Taken-for-Granted Britishness: Some Qualitative Evidence

The qualitative material presented here is drawn from two sources. The first is a set of 122 interviews carried out between 2010 and 2011with senior professionals working in local government and public bodies across Wales. The second source is a subset of interviews with fifty people living in Wales born in 1958 and interviewed in 2009 and 2010 who formed part of the National Child Development Study Social Participation and Identity study. Both studies included a question on national identity. Together, these provide access to a range of working- and middle-class people in Wales aged between forty and sixty years, including some English in-migrants. The discussion here is not meant to provide any systematic coverage of all the sentiments collected in these studies (Jones et al. 2015; Miles et al. 2011). What the interviews do indicate is how Britishness continues to provide a taken-for-granted and often unstated framework for people’s understanding of Wales as nation.

The first example comes from John (NCDS interviewee 28), who was born, lived and worked in South Wales throughout his life. After leaving school he worked in the building industry and is currently classed as a self-employed roofing contractor. His sense of his class belonging is mixed: ‘I’m middle class, working middle class....I really respect people who have been working really hard, whether they got what they wanted or not’. Although he feels and is proud to be Welsh, he nevertheless emphasises Britain as his frame of reference:

It’s a difficult one, really. I think we’re British, but within that word, Welsh.

I feel Welsh, you know what I mean? I feel part of the United Kingdom, but I feel that I’m Welsh. A proud Welshman, I suppose. But I would not like to see Britain or UK being split up. In fact, in some ways, it worries me a little bit now. I’m thinking, when I hear things on telly, and we’re all going separate ways. I’m not quite sure that’s right to be honest with you. I think we should stay as we are, you know, so it will stay as British, you know.

Q: Do you feel patriotic?

Hmmm, I suppose, being a sportsman, I think you do feel a bit like that.

Q: For Wales?

Yeah that’s because I’m involved with rugby more than anything, you know, and it’s just on a sporting basis. But outside of that you don’t tend to think it that way. It’s weird really, to be honest with you, because you can go in different areas, you might go on holiday in England, and they just speak in a different accent, but they are British, aren’t they? You still talk to each other. It’s like, when you go abroad, it’s totally different, isn’t it? But I do feel, I think we’re safer as a United Kingdom. So yeah, I would say I’m British rather than a Welsh person.

John describes himself as ‘a proud Welshman’, especially when it comes to rugby and sport. But in several instance he places his British identity ahead of his Welsh identity, particularly when outlining his concerns over separatism, but also security. Amongst several strong Welsh identifiers in the sample, it is striking just how much Britain represents the framework for society and state, and for the organisation of similarities and differences along those lines (‘I’m proud to put Wales first, but ultimately we British are all the same’). In contrast to this, we see ‘Welsh’ as a category of considerable national pride, but primarily referenced through emotion, sport or local belonging. We find little reference in these interviews to the Welsh government or to Wales as a state entity. We do find people living in Wales, born inside and outside the country’s borders, with strong views on immigration and the way the country is changing, but it is the ‘British’ category that represents the framework for that discussion (Mann and Tommis 2012). The following set of extracts also emphasises Wales as forming part of a broader social, economic and political entity:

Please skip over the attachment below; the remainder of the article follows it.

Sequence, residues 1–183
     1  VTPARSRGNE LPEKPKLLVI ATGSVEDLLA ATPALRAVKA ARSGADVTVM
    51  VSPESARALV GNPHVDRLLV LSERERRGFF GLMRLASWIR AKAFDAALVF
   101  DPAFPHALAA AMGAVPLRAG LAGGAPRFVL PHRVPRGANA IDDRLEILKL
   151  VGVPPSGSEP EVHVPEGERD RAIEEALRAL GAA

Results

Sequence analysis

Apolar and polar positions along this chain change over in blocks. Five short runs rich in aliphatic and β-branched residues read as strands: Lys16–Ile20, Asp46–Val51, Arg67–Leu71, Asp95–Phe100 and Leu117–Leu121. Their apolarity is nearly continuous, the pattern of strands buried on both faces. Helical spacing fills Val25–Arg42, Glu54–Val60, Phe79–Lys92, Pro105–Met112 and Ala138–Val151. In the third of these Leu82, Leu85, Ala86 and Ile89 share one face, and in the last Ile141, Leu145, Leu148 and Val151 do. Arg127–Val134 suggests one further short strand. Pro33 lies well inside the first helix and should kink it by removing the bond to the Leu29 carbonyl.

I’m a, you know, I am a proud, proud Welshman, but obviously I think I’m a part of a greater entity. I don’t think at this point in time we’re the modern, dynamic, forward-thinking society that we, that we try to portray ourselves as. I’m not convinced. I am certainly convinced that devolution is not the way to do it. (Localities Study P30).

What is Wales? I’m an Englishman right, so I tend to see Wales as a very beautiful part of the British Isles, and that’s it for me. I don’t believe in national boundaries, I’m not a fan of nationalist approaches, I just don’t like ideological orientation. I love it though, I think it’s a beautiful country and I love the people, um, so, but what is it? I think it’s a place. (Localities Study, P74).

It has its own language, its own identity, its own culture, but I think it should, it plays an important part in the identity of British, you know, Britain as a whole. It is a vitally important part of that as a whole if you like. (Localities Study P8).

Wales is a region of the United Kingdom, and Europe I suppose, which in the UK context has a degree of devolved government. But I don’t see it in economic terms as being a nation, although obviously in cultural terms it is. It’s not an economic nation but perhaps a cultural nation? (Localities study P73).

These examples provide some illustration of how a sense of pride in being Welsh sits alongside a continued attachment to Britain as a wider social and economic system within the political context of devolved Welsh nation-building.

 
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